An introduction to this “In Isolation” blog series appears at the top of the March 22 post.
The optimist in me wants to believe that we will not be blind to all we can learn during this painful pandemic time. The pessimist in me doubts it. The realist in me suggests that it will inevitably go both ways: some will learn and some will not. Those whose motivation is the accumulation of more wealth and ‘stuff’ will make it challenging for those who see our ‘reason for being’ differently. Restarting the almighty economies too quickly will undoubtedly start at least part of the transmittal of the virus all over again.
I’m thinking tonight about those I came to know in Ethiopia, Sierra Leone, and Burkina Faso. I am already aching for the coming famines in those and many other nations which even the most optimistic humanitarians now predict as inevitable. The people I met who barely survived in recent years had famine and AIDS attacking them. I believe COVID-19 will be their tipping point. I don’t think it will be the virus alone which will victimize them. The disappearance of previously supportive humanitarian efforts because of the “Keep [name your country] First” mantra may well provide the final blow.
We need to pay more attention to the positive changes occurring because of the planet-wide forced lifestyle changes including things like the cleansing effect in Venice waters, the clearing of Wuhan, Los Angeles and London air, and the radical sudden decline in automobile use. It can be argued that, because our economies have so many diverse tentacles of dependency, we cannot afford the “tree-hugger” route.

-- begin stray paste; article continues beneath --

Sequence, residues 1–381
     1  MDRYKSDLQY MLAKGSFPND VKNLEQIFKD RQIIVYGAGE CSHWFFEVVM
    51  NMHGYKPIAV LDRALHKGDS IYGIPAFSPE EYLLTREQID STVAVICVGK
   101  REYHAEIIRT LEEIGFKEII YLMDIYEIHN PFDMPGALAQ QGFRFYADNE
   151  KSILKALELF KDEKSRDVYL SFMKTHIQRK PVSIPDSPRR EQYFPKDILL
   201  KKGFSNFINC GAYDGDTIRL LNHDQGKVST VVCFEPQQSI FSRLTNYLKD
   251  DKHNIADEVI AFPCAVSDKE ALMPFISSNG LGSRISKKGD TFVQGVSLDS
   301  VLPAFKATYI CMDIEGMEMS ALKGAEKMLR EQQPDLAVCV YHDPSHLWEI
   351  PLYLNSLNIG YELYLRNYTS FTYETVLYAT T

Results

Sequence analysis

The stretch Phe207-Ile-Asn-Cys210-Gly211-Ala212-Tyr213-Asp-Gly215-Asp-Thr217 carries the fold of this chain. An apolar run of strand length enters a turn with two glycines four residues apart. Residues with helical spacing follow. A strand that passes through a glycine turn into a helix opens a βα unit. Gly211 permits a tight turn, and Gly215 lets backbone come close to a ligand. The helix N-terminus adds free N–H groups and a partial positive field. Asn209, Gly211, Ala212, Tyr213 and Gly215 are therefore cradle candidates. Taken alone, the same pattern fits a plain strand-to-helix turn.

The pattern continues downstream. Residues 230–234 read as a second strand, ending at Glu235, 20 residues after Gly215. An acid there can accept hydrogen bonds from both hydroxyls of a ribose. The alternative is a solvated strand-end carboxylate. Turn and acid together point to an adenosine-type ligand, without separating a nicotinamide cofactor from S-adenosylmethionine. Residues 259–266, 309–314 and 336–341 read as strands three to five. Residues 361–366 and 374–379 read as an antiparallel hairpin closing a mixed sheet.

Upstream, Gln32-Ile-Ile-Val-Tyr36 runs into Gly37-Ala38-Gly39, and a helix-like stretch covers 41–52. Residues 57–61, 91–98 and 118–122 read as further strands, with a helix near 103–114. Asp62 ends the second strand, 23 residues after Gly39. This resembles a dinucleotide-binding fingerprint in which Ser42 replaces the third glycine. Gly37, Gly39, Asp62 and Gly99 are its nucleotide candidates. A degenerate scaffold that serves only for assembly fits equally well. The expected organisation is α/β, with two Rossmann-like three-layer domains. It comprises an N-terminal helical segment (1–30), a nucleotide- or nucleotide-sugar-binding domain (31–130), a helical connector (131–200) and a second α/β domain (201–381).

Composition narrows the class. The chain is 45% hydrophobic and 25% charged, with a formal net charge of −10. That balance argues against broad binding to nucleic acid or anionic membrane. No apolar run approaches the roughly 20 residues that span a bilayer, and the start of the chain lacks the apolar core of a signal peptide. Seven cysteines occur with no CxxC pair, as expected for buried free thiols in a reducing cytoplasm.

I’m not suggesting that we should return to horse-drawn vehicles and outhouses. What I am thinking about as I write this though is that, like so many things, the truth (or common sense) is somewhere in between the polarizing extremes. For instance, in our household, we unapologetically [kind of] own a three year old very comfortable and functional minivan. We’ve calculated that, at the rate we’re using it during this pandemic time, it should last well into 2054. Since I started writing this “In Isolation” series on March 22, we’ve driven our vehicle five times. Each trip out of the garage was a well-planned, multi-stop adventure with a carefully prepared list.
On one of those forays, we drove to a favourite ocean and mountain view point which would have been far too great a distance to walk. We parked the vehicle, pushed our seats back, revelled in the amazing view, and pulled out the book we had brought along. Yes, I said “the” book. We’ve started an interesting habit of ‘reading’ books together. Christina reads out loud and I read with my ears. For over an hour (after completing the errand tasks) we sat in the comfort of our van, watching sea lions frolicking and gorging themselves on herring spawn, and sharing a novel. Just before preparing to leave and in spite of the console between our seats, we even had a couple of minutes of cuddling and 1st base making out. We never did make it to the backseat, but hey…
Where are the voices for the earth?
Where are the eyes to see her pain,
wasted by our consuming path,
weeping the tears of poisoned rain?
Sacred the soil that hugs the seed,
sacred the silent fall of snow,
sacred the world that God decreed,
water and sun and river flow.
Where shall we run, who break this code?
Where shall tomorrow’s children be,
left with the ruined gifts of God,
death for the creatures, land and sea?
We are the voices for the earth,
we who will care enough to cry,
cherish her beauty, clear her breath,
live that our planet may not die.
Words by Shirley Erena Murray
Copyright © 1999 by Hope Publishing Company, Carol Stream, Illinois • USA